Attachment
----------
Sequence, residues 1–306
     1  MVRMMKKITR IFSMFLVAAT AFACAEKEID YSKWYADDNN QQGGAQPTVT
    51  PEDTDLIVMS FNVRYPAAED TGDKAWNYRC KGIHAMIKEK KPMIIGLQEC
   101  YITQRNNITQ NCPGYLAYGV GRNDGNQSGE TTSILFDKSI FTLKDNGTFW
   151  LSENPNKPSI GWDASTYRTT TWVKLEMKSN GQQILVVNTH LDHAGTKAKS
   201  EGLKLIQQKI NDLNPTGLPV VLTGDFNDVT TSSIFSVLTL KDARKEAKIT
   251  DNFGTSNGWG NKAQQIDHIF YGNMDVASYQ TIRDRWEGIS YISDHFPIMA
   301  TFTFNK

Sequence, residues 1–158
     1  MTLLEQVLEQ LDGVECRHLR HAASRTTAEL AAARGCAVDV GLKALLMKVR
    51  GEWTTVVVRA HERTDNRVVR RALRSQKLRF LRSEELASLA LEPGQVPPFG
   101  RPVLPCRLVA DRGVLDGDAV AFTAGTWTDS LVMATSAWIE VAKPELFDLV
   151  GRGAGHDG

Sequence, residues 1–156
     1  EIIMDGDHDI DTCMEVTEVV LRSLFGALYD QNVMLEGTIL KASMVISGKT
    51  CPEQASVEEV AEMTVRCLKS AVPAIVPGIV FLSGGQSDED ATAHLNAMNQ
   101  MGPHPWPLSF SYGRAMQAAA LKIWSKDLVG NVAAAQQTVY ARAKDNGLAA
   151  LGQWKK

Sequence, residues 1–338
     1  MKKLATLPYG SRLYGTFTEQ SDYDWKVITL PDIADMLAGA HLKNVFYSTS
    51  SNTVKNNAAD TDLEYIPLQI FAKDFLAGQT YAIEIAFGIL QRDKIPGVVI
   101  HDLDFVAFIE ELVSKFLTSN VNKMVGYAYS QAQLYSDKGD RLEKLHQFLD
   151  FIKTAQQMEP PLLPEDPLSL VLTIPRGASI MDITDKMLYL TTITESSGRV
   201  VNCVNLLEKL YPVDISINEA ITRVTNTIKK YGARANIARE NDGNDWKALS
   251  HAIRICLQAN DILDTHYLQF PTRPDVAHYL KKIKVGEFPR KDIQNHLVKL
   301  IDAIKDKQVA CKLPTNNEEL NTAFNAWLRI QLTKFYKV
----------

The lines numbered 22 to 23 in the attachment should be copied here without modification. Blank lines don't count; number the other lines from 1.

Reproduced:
   101  HDLDFVAFIE ELVSKFLTSN VNKMVGYAYS QAQLYSDKGD RLEKLHQFLD
   151  FIKTAQQMEP PLLPEDPLSL VLTIPRGASI MDITDKMLYL TTITESSGRV